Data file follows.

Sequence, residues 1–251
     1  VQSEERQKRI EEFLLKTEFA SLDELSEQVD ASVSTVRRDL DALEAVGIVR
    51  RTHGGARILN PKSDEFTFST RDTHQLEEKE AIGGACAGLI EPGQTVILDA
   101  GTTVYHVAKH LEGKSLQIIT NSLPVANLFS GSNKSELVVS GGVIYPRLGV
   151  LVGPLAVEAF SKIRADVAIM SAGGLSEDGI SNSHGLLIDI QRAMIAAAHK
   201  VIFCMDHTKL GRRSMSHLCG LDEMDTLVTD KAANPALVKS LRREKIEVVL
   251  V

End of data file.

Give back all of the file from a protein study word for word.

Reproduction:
Sequence, residues 1–251
     1  VQSEERQKRI EEFLLKTEFA SLDELSEQVD ASVSTVRRDL DALEAVGIVR
    51  RTHGGARILN PKSDEFTFST RDTHQLEEKE AIGGACAGLI EPGQTVILDA
   101  GTTVYHVAKH LEGKSLQIIT NSLPVANLFS GSNKSELVVS GGVIYPRLGV
   151  LVGPLAVEAF SKIRADVAIM SAGGLSEDGI SNSHGLLIDI QRAMIAAAHK
   201  VIFCMDHTKL GRRSMSHLCG LDEMDTLVTD KAANPALVKS LRREKIEVVL
   251  V